Palomar Mountain, at an altitude of 6,140 feet and with an average of 300 clear nights per year, has the distinction of being the home of one of the world’s most significant astronomical observation sites, the Hale 200-inch telescope installed at the Palomar Observatory in 1947. Before that, the mountain played a role in San Diego County’s rich African American history and culture. One of many who migrated to the area in the mid-19th century was Nathan Harrison, a former slave who owned a large swath of property on the mountain where he farmed and raised cattle. According to local historians, Harrison and other former slaves made up a major segment of the backcountry population until about 1900. Today the area is popular for trout fishing at Doane Pond, camping and hiking in Palomar Mountain State Park, and motorbiking on the winding roads.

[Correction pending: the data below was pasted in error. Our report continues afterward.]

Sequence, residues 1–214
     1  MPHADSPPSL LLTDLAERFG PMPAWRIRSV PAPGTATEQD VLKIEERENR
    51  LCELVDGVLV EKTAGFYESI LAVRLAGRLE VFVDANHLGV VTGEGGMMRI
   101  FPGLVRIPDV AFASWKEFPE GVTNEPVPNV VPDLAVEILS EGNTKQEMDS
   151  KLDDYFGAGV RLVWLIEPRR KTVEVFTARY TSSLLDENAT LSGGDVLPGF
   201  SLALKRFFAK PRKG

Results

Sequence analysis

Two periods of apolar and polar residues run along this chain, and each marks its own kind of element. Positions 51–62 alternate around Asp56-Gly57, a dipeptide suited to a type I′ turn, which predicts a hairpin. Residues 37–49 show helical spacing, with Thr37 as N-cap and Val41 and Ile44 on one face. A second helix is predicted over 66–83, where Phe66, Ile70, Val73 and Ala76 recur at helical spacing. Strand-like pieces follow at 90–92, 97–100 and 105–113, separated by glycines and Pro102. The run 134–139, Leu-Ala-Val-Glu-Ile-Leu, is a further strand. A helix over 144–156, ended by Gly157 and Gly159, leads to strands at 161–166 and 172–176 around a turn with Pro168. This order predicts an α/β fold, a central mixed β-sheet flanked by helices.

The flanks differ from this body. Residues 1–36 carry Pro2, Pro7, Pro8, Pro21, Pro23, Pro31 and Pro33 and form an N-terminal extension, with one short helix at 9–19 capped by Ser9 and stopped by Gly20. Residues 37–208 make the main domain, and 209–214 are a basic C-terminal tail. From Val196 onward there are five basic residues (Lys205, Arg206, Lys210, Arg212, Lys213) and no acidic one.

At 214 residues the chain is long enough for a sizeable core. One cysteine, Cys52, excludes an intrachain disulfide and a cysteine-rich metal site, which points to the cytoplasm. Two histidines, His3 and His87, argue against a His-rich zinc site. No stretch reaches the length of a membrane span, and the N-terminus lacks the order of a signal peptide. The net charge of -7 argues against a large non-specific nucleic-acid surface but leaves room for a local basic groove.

When there was every reason in the world to stay away and see the ruins, one woman traveled to Greece to get to work.More